Having hit all the major areas in HK, we decided to venture elsewhere. There are a number of outlying islands, most notably the country of Macau, but we decided to visit Cheung Chau. There are about 20,000 residents, but it is less touristy than the others and is known for its cheap, high-quality seafood. Oh, and it has a few nice beaches which always helps.

The ferry ride was painless and we disembarked ready for a tasty lunch. Most of the good restaurants were along the coast, so we walked up and down the stretch looking for something interesting. We ended up having a cheap dim sum lunch, which was good but nothing spectacular. The only disappointing dish was the salt and pepper squid; too chewy.

Sated, we made our way to the beach. Being able to think clearly again, I noticed that the island was covered with cyclists, which made sense since cars aren't allowed. It could be somewhat chaotic, but it's far less stressful than car traffic. Also of interest is that almost no one in Hong Kong or Japan wear helmets when they ride. Are we smart or paranoid? I say smart, but only because U.S. drivers are awful.

The beach was nearly deserted, aside from the lifeguards. It made for a peaceful afternoon in the warm water and warmer sun. Once we felt relaxed we spent a couple hours hiking around the island. The views were beautiful and the entire walk was quite peaceful.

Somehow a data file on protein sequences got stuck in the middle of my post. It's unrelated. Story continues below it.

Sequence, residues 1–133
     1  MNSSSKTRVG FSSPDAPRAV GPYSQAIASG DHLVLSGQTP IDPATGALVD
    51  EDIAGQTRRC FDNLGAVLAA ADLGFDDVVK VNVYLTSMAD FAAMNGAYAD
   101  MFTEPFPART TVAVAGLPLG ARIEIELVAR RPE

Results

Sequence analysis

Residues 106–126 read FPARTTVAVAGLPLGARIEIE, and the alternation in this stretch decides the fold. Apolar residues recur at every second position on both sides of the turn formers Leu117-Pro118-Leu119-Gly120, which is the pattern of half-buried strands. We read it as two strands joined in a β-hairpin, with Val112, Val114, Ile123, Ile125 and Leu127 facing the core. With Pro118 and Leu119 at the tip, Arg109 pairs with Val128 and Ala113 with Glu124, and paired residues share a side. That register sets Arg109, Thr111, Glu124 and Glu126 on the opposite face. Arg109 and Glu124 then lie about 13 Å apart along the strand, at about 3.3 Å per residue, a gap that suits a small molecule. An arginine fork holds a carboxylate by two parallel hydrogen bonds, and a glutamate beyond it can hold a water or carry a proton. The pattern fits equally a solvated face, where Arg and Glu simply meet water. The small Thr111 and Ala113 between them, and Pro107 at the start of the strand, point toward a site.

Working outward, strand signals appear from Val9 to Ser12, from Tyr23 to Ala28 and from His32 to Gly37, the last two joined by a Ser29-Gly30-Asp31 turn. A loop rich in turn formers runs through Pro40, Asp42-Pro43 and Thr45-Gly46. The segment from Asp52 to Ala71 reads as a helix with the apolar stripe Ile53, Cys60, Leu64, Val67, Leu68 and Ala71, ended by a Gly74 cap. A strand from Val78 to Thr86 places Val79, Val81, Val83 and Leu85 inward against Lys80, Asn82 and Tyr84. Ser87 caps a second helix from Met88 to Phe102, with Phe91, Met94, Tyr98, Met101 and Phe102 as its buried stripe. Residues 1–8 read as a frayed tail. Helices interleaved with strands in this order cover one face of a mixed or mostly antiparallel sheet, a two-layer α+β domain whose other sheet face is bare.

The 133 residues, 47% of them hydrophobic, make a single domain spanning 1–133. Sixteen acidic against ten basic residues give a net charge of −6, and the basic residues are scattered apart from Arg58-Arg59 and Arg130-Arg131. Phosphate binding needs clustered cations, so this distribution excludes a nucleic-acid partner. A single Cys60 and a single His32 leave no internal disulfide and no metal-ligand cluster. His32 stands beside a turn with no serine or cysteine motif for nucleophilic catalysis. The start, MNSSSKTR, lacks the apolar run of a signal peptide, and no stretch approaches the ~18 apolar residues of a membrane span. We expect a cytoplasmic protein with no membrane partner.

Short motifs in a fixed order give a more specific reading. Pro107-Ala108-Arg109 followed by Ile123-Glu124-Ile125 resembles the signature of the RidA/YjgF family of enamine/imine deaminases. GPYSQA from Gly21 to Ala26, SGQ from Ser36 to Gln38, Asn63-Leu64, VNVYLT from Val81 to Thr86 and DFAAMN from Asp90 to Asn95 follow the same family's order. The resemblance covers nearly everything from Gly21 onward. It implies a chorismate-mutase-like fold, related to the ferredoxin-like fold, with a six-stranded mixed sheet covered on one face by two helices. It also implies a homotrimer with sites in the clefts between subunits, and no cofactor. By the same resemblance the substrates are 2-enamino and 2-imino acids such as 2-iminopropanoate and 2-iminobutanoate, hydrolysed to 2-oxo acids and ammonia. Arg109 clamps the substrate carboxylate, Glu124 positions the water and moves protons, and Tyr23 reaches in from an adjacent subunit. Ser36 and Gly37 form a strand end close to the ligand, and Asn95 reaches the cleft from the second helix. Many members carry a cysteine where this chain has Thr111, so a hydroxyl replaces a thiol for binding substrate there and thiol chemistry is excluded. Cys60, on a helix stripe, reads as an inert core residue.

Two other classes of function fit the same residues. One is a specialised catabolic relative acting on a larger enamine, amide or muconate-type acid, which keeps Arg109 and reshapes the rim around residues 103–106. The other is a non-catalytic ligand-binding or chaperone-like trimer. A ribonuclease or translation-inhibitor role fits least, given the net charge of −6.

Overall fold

For dinner we returned to restaurant row and sat down at the restaurant with the nicest host. Looking to try a bunch of things, we order five dishes to share. It was a little more than we needed, but it was fun to try things out even if the food was barely average. That was the most disappointing aspect of the trip. We came for good seafood but it ended up being lackluster.

Once back in the city we decided to catch a late showing of Park Chan-Wook's latest film, Sympathy for Lady Vengeance. It was spectacular and I made a fan out of Robbie. It was wasn't as good as Oldboy, but I was very happy.

On my last real day in Hong Kong I started slow since I needed to do some laundry. We were considering going to Macau, but my feet couldn't take another full day of walking, so we took it easy. We went to a great food court at a mall in Admirality, just east of Central, and then took in a Hong Kong movie called Election. It was a nice wrap-up of the trip as I got to see a number of neighborhoods in HK on the big screen. Unfortunately, this slightly above-average Gangster film had arguably the worst ending in film history. I will be happy to recount the details for anyone who might be curious.

For the movie trifecta, Robbie took me to Chungking Mansions, where parts of Chungking Express was filmed. I saw only a mild resemblance as tourists swarmed around me but it was a good time-killer before dinner. My last meal was at Yung Kee, one of the best known Cantonese restaurants in the city. Robbie tried their 1,000 Year Old Egg, which looked gross but Robbie gave it an "eh." The rest of the food was quite tasty. This fancy meal was our most expensive, at barely $30 a person.

At night we packed up in preparation for Japan. HK was a blast and I'm glad I went, but I was ready for the intensity of Tokyo.